This seemed like it was one of those weeks that would go on forever. Lots was going on at work, school work was (and is) infinite between now and April 15th and I had lots on my to do lists. Although there wasn't good news from home this week, I'm feeling better and hopeful once again. My mom is starting new treatments next week, which will help ward off the symptoms she has. Most of all, I'm especially thankful for my friends who have truly been my crutch. It never fails to amaze me that true friends, no matter where they are in the world, emerge to help. Someday I will be able to aptly express my gratitude for them.

Wednesday, March 10, 2010

decay is life's worst enemy

Spring is supposed to be a time of renewal, but decay is being brought to someone I love. My mom has a degenerating disease called Multiple Sclerosis. She's been living with it for ten years. The severity of it comes and goes, but whenever it returns, what it will take with it is unknowable. It ruins the brain and spinal cord by depositing bits of plaque, essentially killing the tissue. It has claimed the sight in her right eye. It is truly an unforgivable disease. And now it is back avengeance.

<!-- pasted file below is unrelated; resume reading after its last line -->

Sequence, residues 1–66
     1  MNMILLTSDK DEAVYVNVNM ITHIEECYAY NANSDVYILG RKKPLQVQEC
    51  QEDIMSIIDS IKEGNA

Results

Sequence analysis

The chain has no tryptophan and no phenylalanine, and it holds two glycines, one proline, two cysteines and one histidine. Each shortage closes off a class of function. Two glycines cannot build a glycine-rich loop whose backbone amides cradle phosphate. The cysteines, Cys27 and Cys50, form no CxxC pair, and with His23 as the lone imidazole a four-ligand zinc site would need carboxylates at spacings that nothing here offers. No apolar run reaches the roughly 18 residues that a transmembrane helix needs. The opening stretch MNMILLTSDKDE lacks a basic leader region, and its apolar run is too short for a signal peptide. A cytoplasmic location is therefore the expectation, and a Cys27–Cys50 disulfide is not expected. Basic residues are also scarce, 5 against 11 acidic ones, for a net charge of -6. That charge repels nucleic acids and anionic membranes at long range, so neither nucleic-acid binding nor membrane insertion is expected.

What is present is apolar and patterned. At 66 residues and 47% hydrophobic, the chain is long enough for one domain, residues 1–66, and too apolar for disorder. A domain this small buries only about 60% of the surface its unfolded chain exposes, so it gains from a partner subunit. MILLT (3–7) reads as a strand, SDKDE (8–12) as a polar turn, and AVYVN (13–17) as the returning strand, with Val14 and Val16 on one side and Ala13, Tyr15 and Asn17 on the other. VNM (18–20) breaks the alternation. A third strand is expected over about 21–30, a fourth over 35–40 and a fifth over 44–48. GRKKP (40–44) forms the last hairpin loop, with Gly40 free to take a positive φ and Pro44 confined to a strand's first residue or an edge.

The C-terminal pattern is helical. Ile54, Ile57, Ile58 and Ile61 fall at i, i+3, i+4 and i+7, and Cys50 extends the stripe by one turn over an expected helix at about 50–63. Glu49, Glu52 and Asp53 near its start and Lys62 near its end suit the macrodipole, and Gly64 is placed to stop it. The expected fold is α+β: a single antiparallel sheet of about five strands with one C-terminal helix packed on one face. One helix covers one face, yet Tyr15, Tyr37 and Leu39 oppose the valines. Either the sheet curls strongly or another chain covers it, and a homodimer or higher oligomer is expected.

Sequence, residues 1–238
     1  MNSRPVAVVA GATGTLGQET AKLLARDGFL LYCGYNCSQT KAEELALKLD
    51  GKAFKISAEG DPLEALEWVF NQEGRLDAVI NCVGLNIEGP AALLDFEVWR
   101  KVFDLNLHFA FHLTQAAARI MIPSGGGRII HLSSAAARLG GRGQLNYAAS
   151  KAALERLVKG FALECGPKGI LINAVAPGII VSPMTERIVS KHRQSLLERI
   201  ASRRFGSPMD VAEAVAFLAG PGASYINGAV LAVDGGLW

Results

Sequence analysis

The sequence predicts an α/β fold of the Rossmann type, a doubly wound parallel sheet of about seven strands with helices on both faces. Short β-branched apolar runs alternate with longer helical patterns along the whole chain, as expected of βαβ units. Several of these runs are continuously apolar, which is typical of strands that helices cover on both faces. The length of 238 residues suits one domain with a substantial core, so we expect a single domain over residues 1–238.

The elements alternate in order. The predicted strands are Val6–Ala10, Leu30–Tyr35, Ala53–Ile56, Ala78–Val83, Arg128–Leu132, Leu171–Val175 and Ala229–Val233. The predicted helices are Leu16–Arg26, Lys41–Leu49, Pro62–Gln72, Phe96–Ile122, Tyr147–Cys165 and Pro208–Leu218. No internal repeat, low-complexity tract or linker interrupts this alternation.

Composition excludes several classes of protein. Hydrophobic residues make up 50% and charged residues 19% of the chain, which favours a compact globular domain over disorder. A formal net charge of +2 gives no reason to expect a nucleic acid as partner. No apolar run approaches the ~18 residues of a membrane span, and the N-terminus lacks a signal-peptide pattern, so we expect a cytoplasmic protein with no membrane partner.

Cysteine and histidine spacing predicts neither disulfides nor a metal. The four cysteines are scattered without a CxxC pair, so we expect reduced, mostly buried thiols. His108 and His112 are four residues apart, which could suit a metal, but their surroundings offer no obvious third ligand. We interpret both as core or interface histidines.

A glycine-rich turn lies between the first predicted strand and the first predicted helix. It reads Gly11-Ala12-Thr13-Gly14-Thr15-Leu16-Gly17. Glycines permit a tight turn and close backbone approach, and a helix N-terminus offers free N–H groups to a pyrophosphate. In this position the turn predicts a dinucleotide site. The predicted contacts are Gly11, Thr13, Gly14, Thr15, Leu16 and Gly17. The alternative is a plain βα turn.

Over the last few weeks my mom was suffering from what she thought was a pinched nerve in her neck. It's turned out to be her M.S. She has gained back most of her range of motion, but still has trouble swallowing food and is constantly tired. I have done my best not to worry too much because we didn't know what the problem was. An MRI on Monday revealed that the plaque has spread. I feel so angry and so helpless. My dad refuses to talk about it. There is nothing I can do for my mom. If I could, I would donate new brain tissue if that would make her better. I would give back the life she gave me. But even that would not help.

Large tears are streaming out of my eyes as I type right now. I've smeared the ink in my journal. Crying will not help either, but I know that. I cry because my hope, like my mom, is decaying. There is no cure. This hope is all I have. What am I going to do when it's gone?


Tuesday, March 09, 2010

Packing for my holiday

My European holiday is just over a month away and I already want to pack everything I own into my raspberry coloured luggage. I have never had a knack for packing, especially when I'm going to be away for three weeks. I hate to suddenly need what I didn't bring with me.